Mountain Gorilla Preservation Helps Rebuild Rwanda
Africa's most densely populated country, Rwanda, is a former Belgian colony of only 26,000 square kilometers. Referred to as "the land of a thousand hills," its balmy climate and rich volcanic soil are excellent for agriculture, yielding the country's leading cash crops of sweet potatoes, coffee, and tea.
Right: Photo by Nick Faust, courtesy of the Dian Fossey Gorilla Fund International.
On April 6, 1994, Hutu extremists in Rwanda murdered perhaps 800,000 people in 100 days. Many of the slaughtered were Tutsi and moderate Hutu, among them the core of the country's academic, scientific, and technology community. The carnage stopped when Tutsi rebels ousted the Hutu extremist government, launching the country into the difficult journey of rebuilding in the aftermath of war.
Now, through collaboration with the Dian Fossey Gorilla Fund International and academic institutions in the United States and support from Oracle and ERDAS, an Esri Business Partner, and funding from the MacArthur, Turner, and Daniel K. Thorne foundations, the Rwandan government and scientists at the National University of Rwanda (NUR) are getting some of the critical assistance they need to build the country's first remote sensing and GIS center. The new center will become a data clearinghouse of geographic information essential to helping the country solve its social, economic, and environmental problems, as well as preserve the world's last remaining mountain gorillas.
The Legacy of Dian Fossey and a New Conservation Model
For 18 years, naturalist Dian Fossey lived in the Virunga Mountains of northern Rwanda, documenting the behavior of mountain gorillas and fighting for their survival until her death in 1985. In 1978, Fossey established the Dian Fossey Gorilla Fund International, and in 1992 the organization established its GIS and remote sensing program, working with researchers at Rutgers University.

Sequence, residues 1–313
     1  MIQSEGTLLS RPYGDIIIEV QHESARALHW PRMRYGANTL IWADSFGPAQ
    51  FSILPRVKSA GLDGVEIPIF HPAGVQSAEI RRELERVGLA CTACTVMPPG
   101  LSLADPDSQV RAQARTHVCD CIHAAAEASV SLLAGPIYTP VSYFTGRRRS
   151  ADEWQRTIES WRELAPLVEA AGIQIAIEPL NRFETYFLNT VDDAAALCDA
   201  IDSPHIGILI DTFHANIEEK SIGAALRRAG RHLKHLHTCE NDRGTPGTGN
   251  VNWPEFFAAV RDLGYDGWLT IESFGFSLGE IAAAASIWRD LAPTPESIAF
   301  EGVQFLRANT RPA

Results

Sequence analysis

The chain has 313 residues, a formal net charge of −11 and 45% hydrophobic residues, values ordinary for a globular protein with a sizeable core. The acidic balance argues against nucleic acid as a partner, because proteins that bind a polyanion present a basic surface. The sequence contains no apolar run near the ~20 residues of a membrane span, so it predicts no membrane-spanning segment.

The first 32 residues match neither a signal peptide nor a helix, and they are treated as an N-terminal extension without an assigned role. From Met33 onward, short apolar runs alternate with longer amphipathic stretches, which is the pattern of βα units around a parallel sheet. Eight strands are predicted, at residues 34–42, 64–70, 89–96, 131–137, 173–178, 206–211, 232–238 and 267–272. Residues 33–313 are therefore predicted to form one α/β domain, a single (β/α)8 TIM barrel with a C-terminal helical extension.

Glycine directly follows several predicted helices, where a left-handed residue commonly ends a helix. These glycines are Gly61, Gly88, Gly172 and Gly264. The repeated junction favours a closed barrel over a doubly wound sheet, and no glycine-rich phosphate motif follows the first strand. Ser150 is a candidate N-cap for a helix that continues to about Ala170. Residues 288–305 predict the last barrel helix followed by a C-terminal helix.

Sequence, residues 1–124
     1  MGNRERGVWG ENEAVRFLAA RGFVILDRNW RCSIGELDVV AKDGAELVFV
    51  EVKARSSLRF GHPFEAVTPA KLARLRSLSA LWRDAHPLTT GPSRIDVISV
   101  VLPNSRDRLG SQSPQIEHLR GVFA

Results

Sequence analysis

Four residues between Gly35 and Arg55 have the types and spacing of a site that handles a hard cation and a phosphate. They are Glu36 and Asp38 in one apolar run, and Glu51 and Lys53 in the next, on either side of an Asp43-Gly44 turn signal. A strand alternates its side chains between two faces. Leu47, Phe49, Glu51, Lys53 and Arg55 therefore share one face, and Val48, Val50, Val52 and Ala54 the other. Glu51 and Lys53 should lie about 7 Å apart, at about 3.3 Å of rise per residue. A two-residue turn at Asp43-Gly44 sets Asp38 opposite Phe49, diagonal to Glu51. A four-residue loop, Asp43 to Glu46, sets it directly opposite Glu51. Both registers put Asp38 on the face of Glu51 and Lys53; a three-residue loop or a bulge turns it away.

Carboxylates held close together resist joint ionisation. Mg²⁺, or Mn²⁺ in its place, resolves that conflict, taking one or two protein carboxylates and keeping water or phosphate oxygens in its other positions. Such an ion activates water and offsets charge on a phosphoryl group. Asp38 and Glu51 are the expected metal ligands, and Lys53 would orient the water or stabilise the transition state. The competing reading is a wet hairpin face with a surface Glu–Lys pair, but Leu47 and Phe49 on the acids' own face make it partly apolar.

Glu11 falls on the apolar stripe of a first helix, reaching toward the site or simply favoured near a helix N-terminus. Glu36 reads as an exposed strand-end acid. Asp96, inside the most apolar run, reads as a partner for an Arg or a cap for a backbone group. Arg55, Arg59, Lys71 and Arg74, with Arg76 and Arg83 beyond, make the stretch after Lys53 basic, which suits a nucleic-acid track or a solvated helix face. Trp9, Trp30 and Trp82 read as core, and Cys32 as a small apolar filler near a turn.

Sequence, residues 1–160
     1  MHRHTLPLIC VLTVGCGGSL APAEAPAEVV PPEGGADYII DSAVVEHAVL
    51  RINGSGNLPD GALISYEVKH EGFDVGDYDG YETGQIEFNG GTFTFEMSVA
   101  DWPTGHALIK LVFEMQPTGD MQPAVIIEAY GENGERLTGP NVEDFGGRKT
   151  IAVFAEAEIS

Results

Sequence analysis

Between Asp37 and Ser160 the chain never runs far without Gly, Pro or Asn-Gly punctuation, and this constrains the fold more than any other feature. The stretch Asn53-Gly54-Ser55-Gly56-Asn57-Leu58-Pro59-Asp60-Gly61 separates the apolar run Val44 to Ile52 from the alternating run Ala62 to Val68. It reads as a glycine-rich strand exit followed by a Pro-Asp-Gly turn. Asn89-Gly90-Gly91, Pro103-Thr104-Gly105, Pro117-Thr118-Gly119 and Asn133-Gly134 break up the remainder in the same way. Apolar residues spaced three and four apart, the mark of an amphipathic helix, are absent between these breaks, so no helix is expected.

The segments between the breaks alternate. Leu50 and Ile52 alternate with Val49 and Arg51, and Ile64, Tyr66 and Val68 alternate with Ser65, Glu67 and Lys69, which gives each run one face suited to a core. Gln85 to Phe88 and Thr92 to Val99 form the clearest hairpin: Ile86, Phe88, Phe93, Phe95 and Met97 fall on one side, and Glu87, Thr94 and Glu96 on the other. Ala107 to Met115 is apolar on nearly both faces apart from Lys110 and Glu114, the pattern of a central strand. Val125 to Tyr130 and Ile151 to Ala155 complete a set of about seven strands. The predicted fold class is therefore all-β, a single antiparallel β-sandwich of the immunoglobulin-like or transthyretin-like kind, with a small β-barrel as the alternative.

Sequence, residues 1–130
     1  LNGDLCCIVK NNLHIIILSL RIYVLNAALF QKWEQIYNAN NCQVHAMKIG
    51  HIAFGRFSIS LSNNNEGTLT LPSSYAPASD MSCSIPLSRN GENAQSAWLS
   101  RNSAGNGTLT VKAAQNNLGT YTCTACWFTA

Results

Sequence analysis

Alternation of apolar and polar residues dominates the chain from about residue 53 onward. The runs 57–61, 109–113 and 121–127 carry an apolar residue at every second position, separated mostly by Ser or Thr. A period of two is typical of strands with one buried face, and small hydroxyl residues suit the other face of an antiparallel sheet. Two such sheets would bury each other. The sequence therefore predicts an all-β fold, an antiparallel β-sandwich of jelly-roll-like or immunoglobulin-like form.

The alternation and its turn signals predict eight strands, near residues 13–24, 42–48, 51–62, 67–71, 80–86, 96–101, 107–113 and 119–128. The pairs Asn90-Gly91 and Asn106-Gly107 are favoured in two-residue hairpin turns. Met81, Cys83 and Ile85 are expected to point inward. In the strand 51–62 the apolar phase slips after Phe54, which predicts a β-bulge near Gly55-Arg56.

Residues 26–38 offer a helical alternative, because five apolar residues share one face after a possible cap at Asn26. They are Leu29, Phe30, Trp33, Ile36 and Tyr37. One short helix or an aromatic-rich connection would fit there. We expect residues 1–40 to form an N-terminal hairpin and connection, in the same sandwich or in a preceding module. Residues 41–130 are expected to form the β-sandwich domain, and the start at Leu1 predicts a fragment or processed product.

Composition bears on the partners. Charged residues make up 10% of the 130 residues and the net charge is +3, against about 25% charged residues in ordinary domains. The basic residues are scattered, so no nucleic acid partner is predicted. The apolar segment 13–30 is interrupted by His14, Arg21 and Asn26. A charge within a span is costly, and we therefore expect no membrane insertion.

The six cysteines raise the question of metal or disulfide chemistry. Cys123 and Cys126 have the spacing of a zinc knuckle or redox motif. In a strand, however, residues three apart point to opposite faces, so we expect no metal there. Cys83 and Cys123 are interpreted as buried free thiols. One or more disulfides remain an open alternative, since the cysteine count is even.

In 1995, the organization moved its headquarters to Atlanta, Georgia, and began working in earnest with other local researchers and scientists to use the latest geospatial technologies to advance their studies of human encroachment and gorilla habitat loss.
Above right: Classifying vegetation in the Virunga Mountains using ERDAS IMAGINE and a Landsat Thematic Mapper image from 1987. Screen images on this page courtesy of the Georgia Tech Center for GIS.
This collaboration resulted in the formation of the Center for Conservation Technology, a program of the Dian Fossey Gorilla Fund International. The institute unites the resources and expertise at the Georgia Institute of Technology (Georgia Tech) (see sidebar) and Zoo Atlanta with the Dian Fossey Gorilla Fund International; Clark Atlanta University's Center for Theoretical Study of Physical Systems; the Georgia Research Alliance (GRA), which is a public-private research funding organization for Georgia's universities; and the NUR. This promising new conservation model is poised to affect global conservation efforts by providing information and technology to other field scientists and governments facing similar threats to species within their borders such as pandas in China and elephants in the Congo.
Using geographic imaging and GIS gives field conservation, ecosystem management, and endangered species protection a real boost, explains Clare Richardson, president of the Dian Fossey Gorilla Fund International. "Because we are a field conservation organization, it is imperative that we aggressively pursue more efficient ways to collect data, then have experts available to analyze that data, especially as it applies to habitat."
Complicating matters is the fact that the existing vector-based maps are limited and in most cases extremely inaccurate, making the use of geographic imagery crucial in building an accurate GIS. According to Richardson, the use of imagery and geographic imaging tools will provide the new center with "a powerful land use planning tool."
"The idea of tying GIS, geographic imaging, GPS, and communications together is a fairly new concept that we hope to explore through this collaboration," explains Nickolas Faust, principal research scientist and associate director of the Georgia Tech Center for GIS and one of the founders of ERDAS, Inc.